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[141] was not much fanaticism in this; it was the out-breathed despair of the heart of a poet, whose family has been exterminated by one revolution, and who has himself been sacrificed to another; and, though I do not think of the destinies of Europe and the world very much as he does, yet I shall, as long as I live, respect him for what I saw of his feelings to-night.


To Elisha Ticknor.

Paris, June 13, 1817.
. . . . You tell me, in whatever country I am, ‘to say nothing against its government.’ I have never done so, least of all in France, where, on the whole, an impartial man would respect the present government and the Bourbon family; and yet I have become, by some means of which I have no conjecture, suspected by the police here. Just as I was finishing my French lesson (on the 10th), at half-past 6 A. M., two persons asked to see me, but declined giving their names. I told my servant to admit them. The oldest, a respectable-looking man, asked me if I knew him; to which I replied in the negative; and then, inquiring whether I was an American citizen, he said he wished to speak to me in private; upon which my instructor withdrew. The stranger then, unbuttoning his coat, showed the badge of the police, and presented to me a royal order signed by the minister of police, requiring him to take the justice of the peace of my quarter, to proceed to my lodgings, and to institute a ‘severe search’ for ‘all papers, libels or libellous writings, and books dangerous to the government,’ —to seal up all such as might be found of this nature, and carry them to the office of the police.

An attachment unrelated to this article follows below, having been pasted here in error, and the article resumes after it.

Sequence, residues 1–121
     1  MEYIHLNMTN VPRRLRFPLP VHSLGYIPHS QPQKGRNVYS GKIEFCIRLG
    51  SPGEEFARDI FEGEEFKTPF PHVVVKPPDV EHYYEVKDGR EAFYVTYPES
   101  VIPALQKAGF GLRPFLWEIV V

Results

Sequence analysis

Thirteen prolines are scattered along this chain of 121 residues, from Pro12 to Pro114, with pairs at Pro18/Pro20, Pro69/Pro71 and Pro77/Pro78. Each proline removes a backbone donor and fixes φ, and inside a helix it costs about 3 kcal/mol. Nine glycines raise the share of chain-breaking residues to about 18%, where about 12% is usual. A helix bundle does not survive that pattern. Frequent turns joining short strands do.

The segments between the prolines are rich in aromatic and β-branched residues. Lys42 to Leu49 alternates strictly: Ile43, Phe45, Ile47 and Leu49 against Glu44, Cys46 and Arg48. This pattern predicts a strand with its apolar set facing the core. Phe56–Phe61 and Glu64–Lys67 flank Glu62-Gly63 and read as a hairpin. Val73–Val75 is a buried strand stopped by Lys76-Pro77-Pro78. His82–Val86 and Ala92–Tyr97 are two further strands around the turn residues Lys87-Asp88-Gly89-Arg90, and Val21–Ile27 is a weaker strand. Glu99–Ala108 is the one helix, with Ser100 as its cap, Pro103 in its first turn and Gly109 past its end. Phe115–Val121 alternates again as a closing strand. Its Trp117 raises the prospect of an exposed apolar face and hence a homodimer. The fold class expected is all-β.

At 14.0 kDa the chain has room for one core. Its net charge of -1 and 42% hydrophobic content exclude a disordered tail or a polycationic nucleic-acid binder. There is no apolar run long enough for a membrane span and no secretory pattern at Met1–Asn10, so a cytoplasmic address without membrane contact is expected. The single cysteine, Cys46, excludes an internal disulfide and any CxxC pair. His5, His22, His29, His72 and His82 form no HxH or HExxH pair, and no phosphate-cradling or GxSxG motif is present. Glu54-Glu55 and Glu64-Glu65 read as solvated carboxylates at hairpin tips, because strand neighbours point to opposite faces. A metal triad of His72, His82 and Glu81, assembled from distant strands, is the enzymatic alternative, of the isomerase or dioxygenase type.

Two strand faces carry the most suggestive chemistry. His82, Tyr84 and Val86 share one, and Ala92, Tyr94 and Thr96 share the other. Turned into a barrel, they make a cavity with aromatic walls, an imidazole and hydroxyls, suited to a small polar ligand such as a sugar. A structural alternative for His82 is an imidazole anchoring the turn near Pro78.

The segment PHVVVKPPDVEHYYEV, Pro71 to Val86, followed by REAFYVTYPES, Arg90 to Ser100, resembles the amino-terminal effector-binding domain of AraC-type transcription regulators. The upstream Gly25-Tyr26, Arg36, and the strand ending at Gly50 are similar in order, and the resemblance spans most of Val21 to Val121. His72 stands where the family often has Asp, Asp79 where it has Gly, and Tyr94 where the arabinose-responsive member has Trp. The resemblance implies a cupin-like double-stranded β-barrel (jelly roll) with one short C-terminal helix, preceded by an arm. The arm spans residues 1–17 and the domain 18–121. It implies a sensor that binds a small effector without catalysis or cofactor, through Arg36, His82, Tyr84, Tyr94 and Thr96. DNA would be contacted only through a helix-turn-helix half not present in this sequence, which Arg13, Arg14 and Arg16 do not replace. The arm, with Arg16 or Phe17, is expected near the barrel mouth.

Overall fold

I did not hesitate a moment what to do. The commissaries who were standing guard outside were called in. I opened—not without making a proper protest against the outrage—my drawers and my desk, sat myself quietly down, and told them to do what they saw fit, upon peril of their responsibility. The search occupied until nearly eleven o'clock; and, after reading all my letters, my journal, my copies, etc.,—or as much of them as was necessary to be sure they were merely domestic and commonplace,—they finished by drawing up a proces verbal of two folio pages, saying, as you may well suppose, that they had found nothing, for in truth there was nothing to find. On parting with the gentlemen, I read them a lecture on the nature of the fruitless outrage they had committed, of the cause of which they were of course as ignorant as myself; and the justice of the peace in return expressed his regrets, and his conviction that I was ‘not a ’


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